Lunch today was this simple yet special dish of fish with rice and pak choi. It tasted really zingy, fresh and light after all the rich festive food we’ve been indulging in over the last couple of weeks. It is probably the recipe we have used most from Lindsey Bareham’s excellent cookbook The Fish Store, which not only contains great recipes for fish, but also lots of her family’s other favourite dishes for chicken, lamb, vegetables and puddings – do treat yourself if you haven’t already got it.
This is a great recipe to have in your repertoire if your New Year’s resolutions include eating fish more regularly for a healthy diet. It works with any white fish – we usually use haddock or hake – and the foil parcels can be prepared ahead ready to pop into the oven 15 minutes or so before you want to eat, so it’s perfect for entertaining. With rice and pak choi already in the parcel with the fish, it is also really easy to serve – and as Lindsey Bareham points out, there is very little washing up!
Irene tends to cook this for us, and has adapted the original recipe, blanching the pak choi first to bring out its flavour, adding some fresh chilli and tweaking the seasonings. Like her mother, she follows the Indonesian tradition of not salting the rice, so that it acts as a plain foil to the strong flavours of the sauce served with it. If you don’t have ketjap manis (Indonesian sweet soy sauce) in the cupboard then just use 4 tbsps of ordinary soy sauce. You can use left-over cooked rice for this, in which case you will need about 250-300g, and if it is cold when you start, the parcels will need an extra 5 minutes in the oven. These quantities are for two; you will need two pieces of tin foil about 65cm x 35cm for the parcels.
150g basmati rice
2 small cloves garlic
pinch of salt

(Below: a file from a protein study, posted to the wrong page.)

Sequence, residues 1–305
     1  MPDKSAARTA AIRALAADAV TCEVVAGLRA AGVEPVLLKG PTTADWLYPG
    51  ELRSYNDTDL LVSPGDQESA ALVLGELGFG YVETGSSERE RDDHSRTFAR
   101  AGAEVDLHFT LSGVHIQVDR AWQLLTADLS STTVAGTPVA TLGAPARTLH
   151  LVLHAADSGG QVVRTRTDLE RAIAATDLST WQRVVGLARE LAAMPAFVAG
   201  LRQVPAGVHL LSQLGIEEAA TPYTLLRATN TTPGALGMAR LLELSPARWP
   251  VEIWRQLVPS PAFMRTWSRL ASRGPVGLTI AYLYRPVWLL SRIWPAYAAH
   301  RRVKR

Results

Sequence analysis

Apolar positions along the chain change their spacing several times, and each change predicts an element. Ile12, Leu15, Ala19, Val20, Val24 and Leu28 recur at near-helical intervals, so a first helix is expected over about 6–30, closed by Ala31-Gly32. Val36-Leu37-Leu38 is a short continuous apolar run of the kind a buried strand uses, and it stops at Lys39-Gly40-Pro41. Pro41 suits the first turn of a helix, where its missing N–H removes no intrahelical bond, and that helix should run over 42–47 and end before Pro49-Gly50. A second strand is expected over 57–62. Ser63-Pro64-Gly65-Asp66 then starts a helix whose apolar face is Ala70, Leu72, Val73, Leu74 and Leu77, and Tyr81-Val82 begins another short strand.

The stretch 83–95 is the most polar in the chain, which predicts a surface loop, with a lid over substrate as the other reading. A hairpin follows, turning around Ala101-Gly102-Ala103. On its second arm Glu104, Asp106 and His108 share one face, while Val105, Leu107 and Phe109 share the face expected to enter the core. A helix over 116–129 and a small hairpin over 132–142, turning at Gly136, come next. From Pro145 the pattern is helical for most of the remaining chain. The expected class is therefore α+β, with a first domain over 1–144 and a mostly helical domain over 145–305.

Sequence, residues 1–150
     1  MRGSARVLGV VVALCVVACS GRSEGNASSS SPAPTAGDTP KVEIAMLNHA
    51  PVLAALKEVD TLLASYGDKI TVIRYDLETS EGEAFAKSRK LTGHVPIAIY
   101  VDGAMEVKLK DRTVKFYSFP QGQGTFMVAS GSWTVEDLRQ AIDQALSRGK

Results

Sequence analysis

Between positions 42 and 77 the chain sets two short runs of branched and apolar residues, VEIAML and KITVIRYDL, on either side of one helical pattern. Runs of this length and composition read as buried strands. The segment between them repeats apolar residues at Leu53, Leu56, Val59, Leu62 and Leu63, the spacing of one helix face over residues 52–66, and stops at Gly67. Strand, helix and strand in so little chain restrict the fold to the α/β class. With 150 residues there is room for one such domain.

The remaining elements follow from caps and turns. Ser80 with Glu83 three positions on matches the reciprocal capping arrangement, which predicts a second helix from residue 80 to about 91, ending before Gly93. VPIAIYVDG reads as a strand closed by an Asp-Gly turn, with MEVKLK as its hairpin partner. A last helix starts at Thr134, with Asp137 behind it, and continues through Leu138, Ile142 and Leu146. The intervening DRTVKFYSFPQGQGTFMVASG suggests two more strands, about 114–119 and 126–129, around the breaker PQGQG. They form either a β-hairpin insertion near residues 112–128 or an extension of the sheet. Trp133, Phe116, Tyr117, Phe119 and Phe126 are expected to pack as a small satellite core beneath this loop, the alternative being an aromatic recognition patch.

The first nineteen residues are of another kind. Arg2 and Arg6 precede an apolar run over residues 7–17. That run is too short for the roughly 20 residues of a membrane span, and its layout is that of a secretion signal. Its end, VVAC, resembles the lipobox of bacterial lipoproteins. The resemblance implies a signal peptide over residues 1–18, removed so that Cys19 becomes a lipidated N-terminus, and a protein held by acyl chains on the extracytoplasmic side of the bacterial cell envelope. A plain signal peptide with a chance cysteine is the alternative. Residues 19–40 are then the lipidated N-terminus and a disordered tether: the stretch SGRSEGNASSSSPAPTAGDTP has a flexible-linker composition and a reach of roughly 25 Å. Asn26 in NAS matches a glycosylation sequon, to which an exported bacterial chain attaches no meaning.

1.5 tbsp toasted sesame oil
3.5 tbsp Kikkoman soy sauce
½ tbsp ketjap manis
5cm knob of garlic
1 green chilli
2 small pak choi (about 150g)
2 white fish fillets (about 300g total)
Preheat the oven to 230° C. Put the rice into a small pan, rinse under cold running water, drain and add enough water to come to the first joint of your index finger above the rice. Cover, bring to a boil, reduce the heat and simmer for 10 minutes, when you should be able to hear that the water has been absorbed, there will be little holes in top of the rice and you won’t be able to see any water. Once it has reached this stage, turn off the heat and leave the pan covered on the cooling hotplate so that the rice absorbs the last of the moisture to give you dry, fluffy rice.
Trim the pak choi and slice across into three. Put into a steamer and blanch the stems for 2 minutes and the leaves for 1 minute. Run briefly under the cold tap to stop it cooking, and leave to drain. We find the pak choi tastier if it is cooked through, but you can omit this step if you like your veg a little crunchier.
Peel the cloves of garlic and crush with a pinch of salt. Whisk together with 1 tbsp of the sesame oil and the soy sauce(s). Peel and grate the ginger. Trim, deseed and slice the green chilli.
Lay out your two sheets of foil, and drizzle the remaining sesame oil over the centre of each. You can put both portions into one (slightly larger) parcel if you want to save foil, as we did today, though individual parcels are nicer, especially if you are cooking for guests. Sprinkle a quarter of the sliced chilli over each piece. Then divide the rice between the two parcels, fluffing up the grains with a fork if necessary. Add half the ginger and the pak choi.
Then top with the fish fillets, the rest of the ginger (including any juice from grating it), and the rest of the sliced chilli. Finally, whisk the sauce again and pour it over.
Fold the edges of the parcel and seal carefully, avoiding pulling the foil tight.
Place the parcels on a baking sheet and cook in the hot oven for 15 minutes (or 20 minutes if you have used cold cooked rice). If you make one larger parcel it will need an extra 2-3 minutes to cook. You can open a parcel and check that the fish is opaque through to the bottom of the thickest part of the fillet to be sure that it’s cooked through.
You can serve the parcels just as they are, but we find it easier to eat if you scoop the contents onto the plate – they slide out easily with the encouragement of a large serving spoon. The rice absorbs the delicious flavours of the soy sauce and toasted sesame oil, and the fish stays beautifully moist – it is really delicious.